The University of Arizona

Events & News

CS Colloquium

DateThursday, January 28, 2016
Time11:00 am
Concludes12:15 pm
LocationGould-Simpson 906
DetailsPlease join us for coffee and light refreshments at 10:45am, Gould-Simpson, 9th Floor Atrium.

Faculty Host: Along Efrat
SpeakerJeffrey Shallit
AffiliationComputer Science Department, University of Waterloo

Automatically Proving Theorems in Combinatorics on Words Using a Computer

Combinatorics on words is the study of (finite or infinite)
strings of symbols. A famous example of an infinite string is the
Thue-Morse word t = 0110100110010110..., in which the n'th term is
0 or 1 according to whether the sum of the digits of n, when expressed
in base 2, is even or odd. More than a hundred years ago, the Norwegian mathematician Axel Thue famously proved that that t contains no overlaps, that is, no blocks of the form AAa, where a is the first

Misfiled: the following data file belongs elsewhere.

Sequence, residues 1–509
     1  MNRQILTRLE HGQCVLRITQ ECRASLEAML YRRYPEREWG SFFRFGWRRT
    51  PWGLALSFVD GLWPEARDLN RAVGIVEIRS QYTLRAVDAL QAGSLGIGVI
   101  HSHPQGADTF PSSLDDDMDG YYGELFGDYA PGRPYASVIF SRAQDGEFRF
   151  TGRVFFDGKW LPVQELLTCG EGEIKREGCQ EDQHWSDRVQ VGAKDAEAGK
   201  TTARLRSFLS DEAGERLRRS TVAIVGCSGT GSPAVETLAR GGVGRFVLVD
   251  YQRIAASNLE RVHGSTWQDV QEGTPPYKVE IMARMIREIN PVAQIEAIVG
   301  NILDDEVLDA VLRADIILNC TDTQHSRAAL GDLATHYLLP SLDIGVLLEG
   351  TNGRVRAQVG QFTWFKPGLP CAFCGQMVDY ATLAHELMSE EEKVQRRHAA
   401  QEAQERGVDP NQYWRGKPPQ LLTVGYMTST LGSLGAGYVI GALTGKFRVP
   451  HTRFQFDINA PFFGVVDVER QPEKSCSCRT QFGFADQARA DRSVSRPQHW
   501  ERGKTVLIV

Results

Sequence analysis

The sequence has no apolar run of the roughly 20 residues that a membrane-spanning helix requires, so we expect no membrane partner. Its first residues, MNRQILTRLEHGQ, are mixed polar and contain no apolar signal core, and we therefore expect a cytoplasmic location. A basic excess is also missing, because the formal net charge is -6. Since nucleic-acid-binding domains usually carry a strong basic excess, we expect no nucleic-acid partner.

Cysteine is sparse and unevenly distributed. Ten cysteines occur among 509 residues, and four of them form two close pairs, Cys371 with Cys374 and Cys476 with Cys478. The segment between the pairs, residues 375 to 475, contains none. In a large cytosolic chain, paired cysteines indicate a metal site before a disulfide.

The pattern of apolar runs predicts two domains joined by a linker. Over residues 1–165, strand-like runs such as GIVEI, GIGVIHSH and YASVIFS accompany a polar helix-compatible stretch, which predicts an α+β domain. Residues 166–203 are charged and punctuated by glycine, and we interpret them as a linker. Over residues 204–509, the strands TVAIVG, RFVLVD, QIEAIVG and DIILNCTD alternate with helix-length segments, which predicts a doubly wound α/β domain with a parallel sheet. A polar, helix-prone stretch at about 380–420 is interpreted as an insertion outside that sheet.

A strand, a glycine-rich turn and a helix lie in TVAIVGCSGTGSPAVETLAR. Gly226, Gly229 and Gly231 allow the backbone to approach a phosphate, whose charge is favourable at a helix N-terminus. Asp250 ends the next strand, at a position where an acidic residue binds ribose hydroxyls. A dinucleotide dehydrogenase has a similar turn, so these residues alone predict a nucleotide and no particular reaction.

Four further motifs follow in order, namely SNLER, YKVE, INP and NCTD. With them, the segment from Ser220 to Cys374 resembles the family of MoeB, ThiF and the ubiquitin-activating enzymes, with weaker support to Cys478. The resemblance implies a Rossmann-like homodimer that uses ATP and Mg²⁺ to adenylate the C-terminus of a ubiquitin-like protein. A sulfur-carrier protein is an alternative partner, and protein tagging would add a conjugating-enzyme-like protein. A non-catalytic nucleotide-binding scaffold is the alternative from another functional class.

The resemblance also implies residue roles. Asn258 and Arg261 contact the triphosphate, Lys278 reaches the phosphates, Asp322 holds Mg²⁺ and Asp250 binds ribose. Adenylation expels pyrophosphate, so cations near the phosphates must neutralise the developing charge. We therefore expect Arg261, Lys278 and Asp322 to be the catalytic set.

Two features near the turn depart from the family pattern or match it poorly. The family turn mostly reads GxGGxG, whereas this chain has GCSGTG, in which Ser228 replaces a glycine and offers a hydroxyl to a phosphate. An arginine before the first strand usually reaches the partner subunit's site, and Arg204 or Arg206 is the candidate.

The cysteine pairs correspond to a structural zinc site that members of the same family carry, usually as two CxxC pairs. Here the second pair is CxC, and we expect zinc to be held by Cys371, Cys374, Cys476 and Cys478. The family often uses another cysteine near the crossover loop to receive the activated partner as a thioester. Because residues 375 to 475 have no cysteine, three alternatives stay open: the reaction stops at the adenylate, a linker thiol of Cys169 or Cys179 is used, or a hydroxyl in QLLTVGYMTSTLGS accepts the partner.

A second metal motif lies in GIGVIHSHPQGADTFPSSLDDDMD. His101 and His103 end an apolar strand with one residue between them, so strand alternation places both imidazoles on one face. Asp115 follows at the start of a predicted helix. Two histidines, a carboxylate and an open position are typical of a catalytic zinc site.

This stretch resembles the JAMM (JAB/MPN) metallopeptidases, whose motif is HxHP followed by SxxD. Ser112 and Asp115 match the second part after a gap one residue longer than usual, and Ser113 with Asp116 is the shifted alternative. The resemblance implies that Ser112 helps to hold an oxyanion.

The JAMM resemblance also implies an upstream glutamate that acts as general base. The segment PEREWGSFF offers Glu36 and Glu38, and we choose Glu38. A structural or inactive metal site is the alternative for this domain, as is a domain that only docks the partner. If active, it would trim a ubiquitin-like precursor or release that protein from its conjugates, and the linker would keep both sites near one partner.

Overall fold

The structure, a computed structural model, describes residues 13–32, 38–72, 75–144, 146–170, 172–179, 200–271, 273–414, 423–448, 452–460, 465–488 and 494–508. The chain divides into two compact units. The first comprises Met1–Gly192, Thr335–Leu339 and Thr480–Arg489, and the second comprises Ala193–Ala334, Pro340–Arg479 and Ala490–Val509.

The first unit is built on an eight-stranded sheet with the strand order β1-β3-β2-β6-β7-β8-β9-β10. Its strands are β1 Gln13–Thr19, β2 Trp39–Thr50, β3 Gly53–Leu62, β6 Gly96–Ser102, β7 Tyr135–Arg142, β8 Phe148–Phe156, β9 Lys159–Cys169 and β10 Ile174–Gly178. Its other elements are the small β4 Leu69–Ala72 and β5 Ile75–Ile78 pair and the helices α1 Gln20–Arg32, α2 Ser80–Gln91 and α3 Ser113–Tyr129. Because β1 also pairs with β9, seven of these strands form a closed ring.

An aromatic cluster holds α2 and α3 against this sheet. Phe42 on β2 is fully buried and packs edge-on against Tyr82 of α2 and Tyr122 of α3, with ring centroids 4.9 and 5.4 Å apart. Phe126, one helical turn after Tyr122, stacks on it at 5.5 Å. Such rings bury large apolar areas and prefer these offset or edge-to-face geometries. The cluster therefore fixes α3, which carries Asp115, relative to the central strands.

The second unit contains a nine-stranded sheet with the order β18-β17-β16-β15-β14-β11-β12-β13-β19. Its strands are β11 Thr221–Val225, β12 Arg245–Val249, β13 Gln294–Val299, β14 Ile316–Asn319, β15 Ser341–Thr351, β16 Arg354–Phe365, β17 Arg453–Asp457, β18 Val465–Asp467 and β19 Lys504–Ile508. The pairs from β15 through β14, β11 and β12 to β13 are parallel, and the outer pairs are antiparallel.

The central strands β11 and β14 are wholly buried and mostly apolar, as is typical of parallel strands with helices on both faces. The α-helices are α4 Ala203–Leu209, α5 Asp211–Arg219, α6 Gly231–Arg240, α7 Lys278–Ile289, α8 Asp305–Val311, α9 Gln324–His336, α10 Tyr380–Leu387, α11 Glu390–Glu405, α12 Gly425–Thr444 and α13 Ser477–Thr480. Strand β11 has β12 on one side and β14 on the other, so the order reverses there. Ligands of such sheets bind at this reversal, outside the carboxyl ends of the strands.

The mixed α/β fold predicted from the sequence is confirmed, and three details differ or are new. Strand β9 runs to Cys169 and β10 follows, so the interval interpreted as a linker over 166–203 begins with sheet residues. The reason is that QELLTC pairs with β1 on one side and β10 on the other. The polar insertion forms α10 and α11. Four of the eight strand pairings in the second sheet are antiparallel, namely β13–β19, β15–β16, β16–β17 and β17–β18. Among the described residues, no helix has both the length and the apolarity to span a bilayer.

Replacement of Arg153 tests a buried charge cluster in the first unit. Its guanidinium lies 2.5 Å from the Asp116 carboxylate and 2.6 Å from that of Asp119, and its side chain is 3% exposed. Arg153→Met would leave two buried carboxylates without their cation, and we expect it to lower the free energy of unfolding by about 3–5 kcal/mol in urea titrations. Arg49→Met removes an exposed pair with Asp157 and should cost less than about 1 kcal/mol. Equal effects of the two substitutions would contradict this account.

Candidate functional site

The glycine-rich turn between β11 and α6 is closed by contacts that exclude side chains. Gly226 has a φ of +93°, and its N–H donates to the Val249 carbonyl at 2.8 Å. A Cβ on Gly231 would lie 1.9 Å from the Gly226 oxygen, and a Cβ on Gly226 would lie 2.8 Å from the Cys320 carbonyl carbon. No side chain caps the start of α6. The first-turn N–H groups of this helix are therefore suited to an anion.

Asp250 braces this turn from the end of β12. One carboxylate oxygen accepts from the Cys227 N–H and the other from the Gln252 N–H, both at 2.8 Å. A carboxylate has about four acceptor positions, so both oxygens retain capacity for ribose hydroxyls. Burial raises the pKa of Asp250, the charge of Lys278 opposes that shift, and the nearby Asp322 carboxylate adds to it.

letter of the block A. In this talk, I will discuss how results like
Thue's can be proved purely mechanically, using a decision procedure.
Our implementation of this decision procedure has succeeded in proving
many results from the literature, and also many new results.


Jeffrey Shallit is Professor of Computer Science at the University of
Waterloo, Canada. He works in formal languages, combinatorics on words, number theory, automata theory, logic, and algebra. He is an ACM Distinguished Scientist.

He has published four books: Algorithmic Number Theory (with Eric Bach); Automatic Sequences (with Jean-Paul Allouche); A Second Course in Automata Theory and Formal Languages; and Neverending Fractions (with Jon Borwein, Alf van der Poorten, and Wadim Zudilin).